In the ThInk module we enter and reformulate a diagnostic message that we find commented-out in another mind-module. We forget to un-comment the code, so at first no diagnostics appear. Then we get the diagnostics, but with no change in program behavior -- it still crashes. But we see the light and we remember the Dao of debugging, that is, you figure out what modules the AI is calling and you insert diagnostics deeper and deeper into the program.

Let's see, the first part of AI thinking is to call the NounPhrase module, so let us diagnosticate NounPhrase. Aha! NounPhrase gives us some (meaningless?) diagnostics just before the Exception-crash, but the ThInk module does not. Therefore, Inspector Clouseau, the problem may lie within NounPhrase or within a module called by NounPhrase. By the way, instead of cluttering up this MFPJ journal entry with the actual diagnostic messages -- unless they become really important -- we can meta-publish the diagnostics simply by commenting them out but retaining them within the "mindforth source code" that we eventually publish on the Web. In that way, any interested party (corporate AI shop? national Ministry of AI? Ph.D. dissertation writer?) can see exactly how we have debugged the AI by inspecting the diagnostic messages that we will leave in for at least one iteration of releasing the code. So now let's plunk some diagnostics down in the VerbPhrase module in order to see if the AI thought processes are making it through NounPhrase and into VerbPhrase before the Exception-crash.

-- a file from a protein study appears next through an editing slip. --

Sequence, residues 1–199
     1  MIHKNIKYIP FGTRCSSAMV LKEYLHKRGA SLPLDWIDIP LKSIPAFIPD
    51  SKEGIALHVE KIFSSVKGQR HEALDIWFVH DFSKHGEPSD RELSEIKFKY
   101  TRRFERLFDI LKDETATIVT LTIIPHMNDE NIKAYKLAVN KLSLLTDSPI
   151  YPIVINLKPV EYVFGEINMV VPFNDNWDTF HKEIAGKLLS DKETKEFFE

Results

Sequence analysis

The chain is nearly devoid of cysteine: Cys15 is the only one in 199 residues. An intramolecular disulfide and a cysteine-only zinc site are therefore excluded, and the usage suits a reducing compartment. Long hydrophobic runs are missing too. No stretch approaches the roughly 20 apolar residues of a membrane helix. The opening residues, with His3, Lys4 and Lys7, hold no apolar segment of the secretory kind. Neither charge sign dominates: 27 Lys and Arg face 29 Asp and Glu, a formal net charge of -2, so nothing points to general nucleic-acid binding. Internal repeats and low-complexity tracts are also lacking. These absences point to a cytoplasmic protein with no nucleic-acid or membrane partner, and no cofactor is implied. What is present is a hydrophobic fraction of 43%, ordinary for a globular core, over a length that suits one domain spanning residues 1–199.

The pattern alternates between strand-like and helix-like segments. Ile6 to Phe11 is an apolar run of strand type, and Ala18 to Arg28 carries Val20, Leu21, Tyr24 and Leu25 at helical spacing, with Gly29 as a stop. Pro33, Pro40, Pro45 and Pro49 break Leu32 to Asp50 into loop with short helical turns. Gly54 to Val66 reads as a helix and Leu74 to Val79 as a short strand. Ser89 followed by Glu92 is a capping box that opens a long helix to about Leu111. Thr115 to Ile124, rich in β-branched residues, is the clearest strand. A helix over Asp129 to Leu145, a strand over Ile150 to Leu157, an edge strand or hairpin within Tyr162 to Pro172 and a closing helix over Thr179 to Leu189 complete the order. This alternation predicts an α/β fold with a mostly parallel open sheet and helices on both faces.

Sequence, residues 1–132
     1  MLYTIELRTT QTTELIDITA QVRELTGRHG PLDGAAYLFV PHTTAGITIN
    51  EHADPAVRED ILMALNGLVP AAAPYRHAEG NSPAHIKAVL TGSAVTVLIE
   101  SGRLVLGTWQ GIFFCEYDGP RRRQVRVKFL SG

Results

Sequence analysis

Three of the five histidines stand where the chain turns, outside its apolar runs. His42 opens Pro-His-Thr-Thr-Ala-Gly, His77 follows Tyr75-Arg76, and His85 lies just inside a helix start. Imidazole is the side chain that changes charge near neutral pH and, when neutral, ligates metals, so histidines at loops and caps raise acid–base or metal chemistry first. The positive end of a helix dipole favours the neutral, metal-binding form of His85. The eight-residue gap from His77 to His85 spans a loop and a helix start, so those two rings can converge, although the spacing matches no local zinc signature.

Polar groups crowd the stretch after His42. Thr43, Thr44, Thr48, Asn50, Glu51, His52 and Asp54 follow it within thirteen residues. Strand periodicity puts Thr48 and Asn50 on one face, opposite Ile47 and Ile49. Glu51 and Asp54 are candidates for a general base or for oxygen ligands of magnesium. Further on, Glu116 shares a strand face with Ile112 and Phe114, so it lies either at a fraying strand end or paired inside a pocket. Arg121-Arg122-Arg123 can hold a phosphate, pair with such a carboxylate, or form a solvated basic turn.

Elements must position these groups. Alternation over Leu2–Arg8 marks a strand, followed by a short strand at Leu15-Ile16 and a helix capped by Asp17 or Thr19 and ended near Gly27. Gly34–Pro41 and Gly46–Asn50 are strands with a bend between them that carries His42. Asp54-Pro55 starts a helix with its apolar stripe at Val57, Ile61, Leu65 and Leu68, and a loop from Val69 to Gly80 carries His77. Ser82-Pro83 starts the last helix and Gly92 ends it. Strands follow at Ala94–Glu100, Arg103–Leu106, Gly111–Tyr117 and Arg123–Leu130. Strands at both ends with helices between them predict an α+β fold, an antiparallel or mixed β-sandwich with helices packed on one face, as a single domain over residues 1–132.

As the Forthmind thinks in English, we are getting diagnostic messages from both NounPhrase and VerbPhrase up until the dying thought of the AI, where NounPhrase reports something but VerbPhrase is silent, both in terms of output and in terms of diagnostics. So the crash could be occurring within the NounPhrase module. Therefore let us insert additional diagnostics towards the end of NounPhrase. We do so, but the software crashes before it reaches the diagnostics at the end of NounPhrase. Next we should try some diagnostics in the middle of NounPhrase. We insert diagnostics after the end of the search for the motjuste, but program-execution does not get that far and instead the Exception-crash occurs. So the problem may lie within the search for motjuste. We insert a diagnostic just before the ELSE-clause in the motjuste-search, and the diagnostic gets executed many times during non-crash thought, but not at all during generation of the thought that eventuates in the Exception-crash.